Utility of lung ultrasound in predicting pulmonary and cardiac pressures


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Abstract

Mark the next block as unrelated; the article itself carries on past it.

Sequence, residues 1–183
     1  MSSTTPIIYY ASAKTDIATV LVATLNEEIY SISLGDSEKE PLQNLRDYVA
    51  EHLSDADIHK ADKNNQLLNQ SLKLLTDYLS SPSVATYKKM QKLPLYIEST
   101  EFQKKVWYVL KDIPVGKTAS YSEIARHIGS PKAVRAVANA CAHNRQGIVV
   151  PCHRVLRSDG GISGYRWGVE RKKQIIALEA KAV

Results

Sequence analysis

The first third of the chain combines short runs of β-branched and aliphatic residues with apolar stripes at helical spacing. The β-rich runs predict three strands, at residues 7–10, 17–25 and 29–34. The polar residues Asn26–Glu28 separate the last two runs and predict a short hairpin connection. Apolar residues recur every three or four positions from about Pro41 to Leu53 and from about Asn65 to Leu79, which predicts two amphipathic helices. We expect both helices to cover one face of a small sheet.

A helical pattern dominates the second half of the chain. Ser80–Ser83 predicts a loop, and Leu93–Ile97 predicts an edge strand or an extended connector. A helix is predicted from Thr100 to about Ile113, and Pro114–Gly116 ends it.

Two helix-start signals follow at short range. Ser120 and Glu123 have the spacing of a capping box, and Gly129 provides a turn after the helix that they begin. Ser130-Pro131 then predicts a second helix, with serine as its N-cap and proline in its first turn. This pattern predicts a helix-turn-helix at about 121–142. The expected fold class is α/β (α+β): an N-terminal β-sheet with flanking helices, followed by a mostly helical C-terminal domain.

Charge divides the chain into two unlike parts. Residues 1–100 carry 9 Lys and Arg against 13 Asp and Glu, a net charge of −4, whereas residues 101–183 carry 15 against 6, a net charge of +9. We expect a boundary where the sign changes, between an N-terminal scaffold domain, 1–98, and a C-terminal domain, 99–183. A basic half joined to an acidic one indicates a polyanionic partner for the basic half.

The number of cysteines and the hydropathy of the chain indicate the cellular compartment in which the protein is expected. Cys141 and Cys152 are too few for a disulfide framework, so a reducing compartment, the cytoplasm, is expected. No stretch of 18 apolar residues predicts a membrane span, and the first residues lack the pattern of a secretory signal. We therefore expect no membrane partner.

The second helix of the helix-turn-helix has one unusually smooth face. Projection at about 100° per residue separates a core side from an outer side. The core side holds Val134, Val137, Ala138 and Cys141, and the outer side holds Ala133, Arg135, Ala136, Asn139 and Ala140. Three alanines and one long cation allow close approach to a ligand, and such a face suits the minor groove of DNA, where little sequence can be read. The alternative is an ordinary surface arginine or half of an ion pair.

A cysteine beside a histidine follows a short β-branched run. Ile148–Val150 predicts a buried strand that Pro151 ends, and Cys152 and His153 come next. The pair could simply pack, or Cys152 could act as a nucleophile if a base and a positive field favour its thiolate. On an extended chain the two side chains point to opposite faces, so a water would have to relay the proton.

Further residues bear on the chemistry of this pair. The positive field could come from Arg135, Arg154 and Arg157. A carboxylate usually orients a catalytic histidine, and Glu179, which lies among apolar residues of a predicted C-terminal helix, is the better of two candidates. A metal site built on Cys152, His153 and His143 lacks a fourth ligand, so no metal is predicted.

AimsQuantification of linear lung ultrasound (LUS) artefacts (B-lines) represents a novel, non-invasive approach to assess pulmonary congestion. We investigated the relationship between the number of B-lines (vertical artefacts arising from the pleural line) and intracardiac pressures.Methods and resultsPrior to scheduled right heart catheterization (RHC), 100 subjects underwent LUS of eight zones. A reviewer blinded to the haemodynamic data quantified the number of sonographic B-lines. Of 92 subjects who completed RHC, 79 had adequate LUS data of all zones [median age 61 years, 26 women, median left ventricular ejection fraction (LVEF) 58%, 35 with history of heart failure; 22 postcardiac transplantation]. The number of B-lines correlated with measured right atrial (r = 0.32), pulmonary artery diastolic (PADP) (r = 0.34), mean pulmonary artery (mPAP) (r = 0.43), pulmonary artery systolic (PASP) (r = 0.48) pressures, and pulmonary vascular resistance (PVR) (r = 0.51) (P < 0.005 for all), but not with pulmonary capillary wedge pressure. There was a graded association between tertiles of B-line number and increasing PADP, mPAP, PASP, and PVR (P for trend ≤0.001 for all). Each additional B-line was associated with an increase in PASP of 1 mmHg and an increase in PVR of 0.1 Wood units. These associations remained robust after multivariable adjustment (P = 0.002). Assessment of two inferior lateral zones resulted in similar correlations to the eight-zone method.ConclusionsEasily obtainable, LUS may be useful in the estimation of right-sided cardiac pressures and PVR. Further evaluation of lung ultrasound as an adjunct to heart failure diagnosis, monitoring, and prognosis is warranted.

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